Referring to Anne Lister as a force of nature is accurate, but it’s also just a starting point.
Nature was certainly one of her passions: The 19th-century Englishwoman dressed in stylish black clothes that resembled men’s wear and spent hours walking through the countryside, visiting friends and supervising workers at Shibden Hall, the Halifax, West Yorkshire estate she inherited. Her forceful personality was also evident in the business world; some of her acres were rich in coal, and she relished scrapping with the coal titans of the 1830s as she tried to improve the estate’s fortunes.
But her boldness was most evident in matters of love. Many of the 5 million-plus words in Lister’s voluminous diaries, some of which were in code, chronicled her relationships with a string of women she wooed, loved and bedded.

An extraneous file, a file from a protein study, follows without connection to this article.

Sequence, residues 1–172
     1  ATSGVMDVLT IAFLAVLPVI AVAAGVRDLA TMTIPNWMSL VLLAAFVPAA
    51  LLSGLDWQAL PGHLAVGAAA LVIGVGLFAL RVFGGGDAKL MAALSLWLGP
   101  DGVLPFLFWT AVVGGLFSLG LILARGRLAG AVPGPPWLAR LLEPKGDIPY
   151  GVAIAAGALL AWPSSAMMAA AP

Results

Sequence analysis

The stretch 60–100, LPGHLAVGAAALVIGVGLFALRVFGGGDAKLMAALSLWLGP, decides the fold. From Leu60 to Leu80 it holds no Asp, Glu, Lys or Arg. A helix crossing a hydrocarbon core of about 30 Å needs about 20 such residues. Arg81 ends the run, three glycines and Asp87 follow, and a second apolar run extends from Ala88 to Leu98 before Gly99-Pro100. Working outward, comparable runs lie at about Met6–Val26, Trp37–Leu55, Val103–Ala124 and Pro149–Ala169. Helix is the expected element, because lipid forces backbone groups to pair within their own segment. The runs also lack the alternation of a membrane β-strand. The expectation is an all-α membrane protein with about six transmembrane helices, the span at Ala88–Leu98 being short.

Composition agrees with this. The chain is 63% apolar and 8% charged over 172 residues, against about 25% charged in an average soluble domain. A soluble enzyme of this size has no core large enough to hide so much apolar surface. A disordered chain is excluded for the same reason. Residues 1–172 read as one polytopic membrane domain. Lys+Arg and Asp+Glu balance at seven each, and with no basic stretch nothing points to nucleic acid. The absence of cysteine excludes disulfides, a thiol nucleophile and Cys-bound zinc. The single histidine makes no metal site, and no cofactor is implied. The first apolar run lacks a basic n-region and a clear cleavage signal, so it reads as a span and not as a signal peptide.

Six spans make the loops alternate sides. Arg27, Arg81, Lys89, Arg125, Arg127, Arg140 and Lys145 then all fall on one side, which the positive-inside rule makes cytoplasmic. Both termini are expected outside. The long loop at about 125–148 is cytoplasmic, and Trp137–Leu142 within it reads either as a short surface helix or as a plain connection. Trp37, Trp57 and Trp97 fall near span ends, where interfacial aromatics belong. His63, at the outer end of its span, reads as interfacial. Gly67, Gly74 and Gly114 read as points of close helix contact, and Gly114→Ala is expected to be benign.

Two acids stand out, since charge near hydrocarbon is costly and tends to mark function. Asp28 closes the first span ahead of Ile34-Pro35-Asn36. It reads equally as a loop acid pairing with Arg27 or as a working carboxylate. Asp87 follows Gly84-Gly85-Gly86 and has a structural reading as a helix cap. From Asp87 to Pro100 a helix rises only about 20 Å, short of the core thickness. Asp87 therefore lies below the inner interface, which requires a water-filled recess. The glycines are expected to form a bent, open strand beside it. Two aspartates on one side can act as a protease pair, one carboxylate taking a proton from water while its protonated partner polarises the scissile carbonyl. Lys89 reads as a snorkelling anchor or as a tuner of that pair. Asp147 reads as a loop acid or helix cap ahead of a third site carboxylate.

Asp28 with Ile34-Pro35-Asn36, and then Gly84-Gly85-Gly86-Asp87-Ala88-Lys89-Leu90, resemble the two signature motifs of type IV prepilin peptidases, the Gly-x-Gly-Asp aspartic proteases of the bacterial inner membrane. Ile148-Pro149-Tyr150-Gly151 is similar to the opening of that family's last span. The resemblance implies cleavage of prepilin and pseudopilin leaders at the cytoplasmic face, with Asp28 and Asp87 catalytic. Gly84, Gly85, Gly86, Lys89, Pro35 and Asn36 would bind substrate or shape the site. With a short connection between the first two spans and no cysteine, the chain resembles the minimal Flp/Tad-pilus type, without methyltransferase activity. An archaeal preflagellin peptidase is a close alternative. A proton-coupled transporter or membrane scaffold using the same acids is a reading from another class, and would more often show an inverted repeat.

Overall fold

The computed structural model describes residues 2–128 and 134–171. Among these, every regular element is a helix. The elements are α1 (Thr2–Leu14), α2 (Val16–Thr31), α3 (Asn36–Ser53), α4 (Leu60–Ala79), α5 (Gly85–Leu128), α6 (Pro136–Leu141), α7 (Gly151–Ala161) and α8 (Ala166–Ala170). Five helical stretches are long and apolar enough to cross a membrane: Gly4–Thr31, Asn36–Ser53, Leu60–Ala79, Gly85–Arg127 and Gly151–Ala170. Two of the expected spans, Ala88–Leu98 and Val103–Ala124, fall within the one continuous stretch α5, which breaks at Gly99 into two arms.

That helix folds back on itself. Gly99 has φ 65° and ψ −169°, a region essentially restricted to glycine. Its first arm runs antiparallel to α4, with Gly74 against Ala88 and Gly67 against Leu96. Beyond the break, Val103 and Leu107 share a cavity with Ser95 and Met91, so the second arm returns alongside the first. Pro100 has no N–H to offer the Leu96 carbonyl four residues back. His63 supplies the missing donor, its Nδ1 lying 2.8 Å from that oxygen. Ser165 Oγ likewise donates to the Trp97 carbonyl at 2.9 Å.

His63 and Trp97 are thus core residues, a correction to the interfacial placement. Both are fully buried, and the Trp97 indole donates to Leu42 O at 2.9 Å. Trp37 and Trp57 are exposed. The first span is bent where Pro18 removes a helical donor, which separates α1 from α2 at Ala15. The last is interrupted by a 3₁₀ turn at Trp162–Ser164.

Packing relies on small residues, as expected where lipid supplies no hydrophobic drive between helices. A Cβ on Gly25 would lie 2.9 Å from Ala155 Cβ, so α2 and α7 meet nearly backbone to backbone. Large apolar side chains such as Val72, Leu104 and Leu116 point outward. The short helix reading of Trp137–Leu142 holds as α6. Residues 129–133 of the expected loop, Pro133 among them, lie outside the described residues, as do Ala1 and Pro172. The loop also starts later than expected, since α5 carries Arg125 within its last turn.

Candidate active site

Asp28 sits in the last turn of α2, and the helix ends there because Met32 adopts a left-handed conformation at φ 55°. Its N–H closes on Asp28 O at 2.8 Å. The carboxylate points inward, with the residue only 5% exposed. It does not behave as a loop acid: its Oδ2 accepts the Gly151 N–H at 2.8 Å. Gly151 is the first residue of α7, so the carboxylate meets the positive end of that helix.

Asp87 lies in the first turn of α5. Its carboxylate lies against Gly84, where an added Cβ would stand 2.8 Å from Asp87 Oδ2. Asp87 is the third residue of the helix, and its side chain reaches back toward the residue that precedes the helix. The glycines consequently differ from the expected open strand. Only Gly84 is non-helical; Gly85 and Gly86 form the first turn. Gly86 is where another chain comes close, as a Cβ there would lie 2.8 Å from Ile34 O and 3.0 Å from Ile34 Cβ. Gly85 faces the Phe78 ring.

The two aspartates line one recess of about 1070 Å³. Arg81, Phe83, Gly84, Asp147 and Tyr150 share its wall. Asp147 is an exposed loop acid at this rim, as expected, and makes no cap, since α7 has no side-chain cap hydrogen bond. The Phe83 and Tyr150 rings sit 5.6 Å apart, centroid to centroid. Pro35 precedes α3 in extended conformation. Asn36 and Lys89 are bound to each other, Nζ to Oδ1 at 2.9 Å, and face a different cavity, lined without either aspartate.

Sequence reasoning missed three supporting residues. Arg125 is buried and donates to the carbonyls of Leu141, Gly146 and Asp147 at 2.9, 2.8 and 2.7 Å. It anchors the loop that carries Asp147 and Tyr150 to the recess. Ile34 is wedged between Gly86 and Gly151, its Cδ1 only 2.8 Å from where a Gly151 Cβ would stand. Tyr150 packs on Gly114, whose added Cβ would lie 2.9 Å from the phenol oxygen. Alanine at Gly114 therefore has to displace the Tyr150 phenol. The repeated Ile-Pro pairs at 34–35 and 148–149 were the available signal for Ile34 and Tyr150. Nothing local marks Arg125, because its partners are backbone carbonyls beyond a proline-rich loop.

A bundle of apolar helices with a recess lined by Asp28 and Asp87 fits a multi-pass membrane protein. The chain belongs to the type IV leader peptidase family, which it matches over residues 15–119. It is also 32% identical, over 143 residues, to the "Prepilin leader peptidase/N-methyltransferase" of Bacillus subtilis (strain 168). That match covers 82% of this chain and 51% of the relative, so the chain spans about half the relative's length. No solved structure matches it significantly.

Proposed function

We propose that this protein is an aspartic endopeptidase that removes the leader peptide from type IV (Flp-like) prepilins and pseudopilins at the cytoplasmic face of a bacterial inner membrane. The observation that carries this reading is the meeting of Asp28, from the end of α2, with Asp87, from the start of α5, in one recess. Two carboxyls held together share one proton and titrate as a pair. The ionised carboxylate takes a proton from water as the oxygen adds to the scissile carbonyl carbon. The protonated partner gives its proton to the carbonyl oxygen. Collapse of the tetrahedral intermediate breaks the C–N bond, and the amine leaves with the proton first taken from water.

Lister’s complicated courtship with the wealthy Ann Walker sits at the heart of “Gentleman Jack,” a historical drama series premiering Monday on HBO (in a coproduction with the BBC) that was shot on location at Shibden Hall. As a child, the show’s creator and writer Sally Wainwright visited the historical site with her family — the house and its grounds are now a public park — but she didn’t have a full picture of Lister’s life for years. “People didn’t like talking about her,” Wainwright said.
She became more deeply acquainted with Lister after coming across “Female Fortune,” a 1998 book on Lister by Jill Liddington, and has spent many hours reading and decoding pages of Lister’s daily musings. “It’s not typed script, it’s handwriting,” Wainwright said. “So few eyes may have actually been across any particular piece of writing. To know that you might be the first person who’s read [a section] — it’s very intimate.”